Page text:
Transition Tracker: Picking apart Trump's Cabinet picks

Senate Democrats grill HHS pick Tom Price
Senate Democrats grill HHS pick Tom Price


    Senate Democrats grill HHS pick Tom Price


Senate Democrats grill HHS pick Tom Price 03:27

Washington (CNN)Interviews with President-elect Donald Trump and Vice President-elect Mike Pence and sharp questioning of the Cabinet nominees were part of a flurry of activity less than 48 hours before Trump is set to take office.

Both Trump and Rep. Tom Price, the Health and Human Services nominee, are trying to reassure the public that while the political process of replacing Obamacare may give us all a headache, the new coverage to come won't. Both Commerce nominee Wilbur Ross and Environmental Protection Agency nominee Scott Pruitt took a now-familiar tack for Trump nominees -- neither denouncing nor embracing the notion of man-made climate change.


    Pence told CNN's Dana Bash that Republicans do not yet have a bill to replace Obamacare, but that he has "seen a lot of great ideas" and that transition officials and GOP leaders are "getting very close" to having a replacement.
    In a wide-ranging interview with Axios, Trump said health care is his top domestic priority and added: "We can't have" people with no money not get coverage. Trump also spoke to Fox News, pledging that "nobody's going to be dying on the streets with a President Trump. We want to take care of everybody." Trump also proposed using Medicaid block grants or other provisions and is clearly backing away from his comment that he wanted "insurance for everybody," which has caused serious confusion on Capitol Hill and beyond.
    Price had the first of his two Senate hearings and faced harsh questions about his health care stock trades and Obamacare proposals:
    • Price pushed back hard against questionable stock trades, first reported by CNN, saying: "Everything that we have done has been above board transparent, ethical and legal," and cited his Office of Governmental Ethics disclosure as proof of no wrongdoing. The OGE, however, does not investigate cases like this.
    • When it comes to replacing Obamacare, Price said Republicans are not "pulling the rug out from under anybody," adding "it's absolutely imperative that individuals that have health coverage be able to keep health coverage." Sounds a bit like this blast from Obama's past: "if you like your plan, you can keep it," which came back to bite him.
    Quartz notes repealing Obamacare involves defunding critical CDC programs designed to prevent bioterrorism and major infectious outbreaks.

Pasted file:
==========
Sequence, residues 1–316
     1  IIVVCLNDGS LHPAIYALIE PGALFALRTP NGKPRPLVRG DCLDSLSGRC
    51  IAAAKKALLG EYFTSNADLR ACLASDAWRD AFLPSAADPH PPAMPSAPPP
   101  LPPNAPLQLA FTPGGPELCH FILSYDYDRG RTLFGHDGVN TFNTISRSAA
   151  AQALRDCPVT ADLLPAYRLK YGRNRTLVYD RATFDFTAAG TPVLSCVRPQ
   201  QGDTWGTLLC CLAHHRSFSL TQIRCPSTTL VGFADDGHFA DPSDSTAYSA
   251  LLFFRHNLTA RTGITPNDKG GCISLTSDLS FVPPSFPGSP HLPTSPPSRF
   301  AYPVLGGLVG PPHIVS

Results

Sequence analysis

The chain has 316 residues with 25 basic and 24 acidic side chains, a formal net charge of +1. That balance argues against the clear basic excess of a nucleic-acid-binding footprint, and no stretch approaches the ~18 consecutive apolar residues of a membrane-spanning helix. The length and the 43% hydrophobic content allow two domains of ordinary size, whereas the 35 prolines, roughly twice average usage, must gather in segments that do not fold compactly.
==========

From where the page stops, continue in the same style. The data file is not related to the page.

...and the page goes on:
A little levity: Jimmy Kimmel again reminds us many Americans still think Obamacare and ACA are two different things.
    Pruitt faced the Senate today:
    • Pruitt said point blank: "I do not believe climate change is a hoax," becoming the latest Cabinet nominee to break from Trump on that belief. However, he also questioned how much humans impact the climate and what the government should do about it.
    • Pruitt said that the "role of the EPA is a very valuable role," contradicting Trump's campaign pledge to "get rid of the EPA in almost every form."
    • The Huffington Post reports Pruitt was weighed down by questioning about how much lead is safe in drinking water. His answer: "That is something I have not reviewed nor know about."
    When Oklahoma faced a high-profile environmental crisis, Pruitt took a hands-off approach. CNN's Maeve Reston looks back at his handling of the rise in earthquakes in the state, a potential preview of how Pruitt might address crises at EPA.
    As Pruitt faced the Senate today, the World Meteorological Organization announced the Earth continued its hot streak of record high surface temperatures for the third straight year.
    A new survey from Yale reveals that 70% of Americans believe global warming is happening, and more than 6-in-10 Americans want Trump and Congress to do more to address it.
    Commerce nominee Wilbur Ross had his Senate hearing today. Here are the highlights:
    • While Ross said he was "pro trade," he also said the US should not "put up with malicious trading activities." He added that countries that don't "play by the rules" should "get punished -- and severely."
    • When pressed on NAFTA, Ross said "all aspects of NAFTA would be on the table," and later called for a "systematic reopening of trade agreements."
    • Ross neither supported nor opposed Trump's controversial proposal to slap a 35% tariff on cars.
    • Ross would not say whether he accepted the scientific consensus on man-made climate change. Ross will oversee NOAA, which plays a key role in studying the climate.
    The multi-billionaire Ross is not completely divesting from his vast financial holdings.
    • President Barack Obama, at his news conference today, said an effort to round up dreamers would prompt him to step back into the limelight and speak out after he's out of office.
    • According to VOA News, the number of "sanctuary churches" pledging to offer aid to undocumented immigrants has reached 800, more than double the 400 prior to Trump's election.
    • The San Francisco Chronicle reports on the case of an undocumented immigrant who is suing the city for violating its own sanctuary city laws.
    • Here's to a small paper with an interesting in-depth series: The Northern Utah Standard Examiner looks at immigration challenges in "Undocumented and Uncertain."
    INFRASTRUCTURE -- During his speech at the US Conference of Mayors, Mike Pence pledged to follow through on Trump's infrastructure promises, saying: "We're going to do an infrastructure bill and it's going to be big."


    FRIDAY -- TRUMP INAUGURATION -- Trump may sign some executive actions on day one, though Monday is expected to be the bigger day.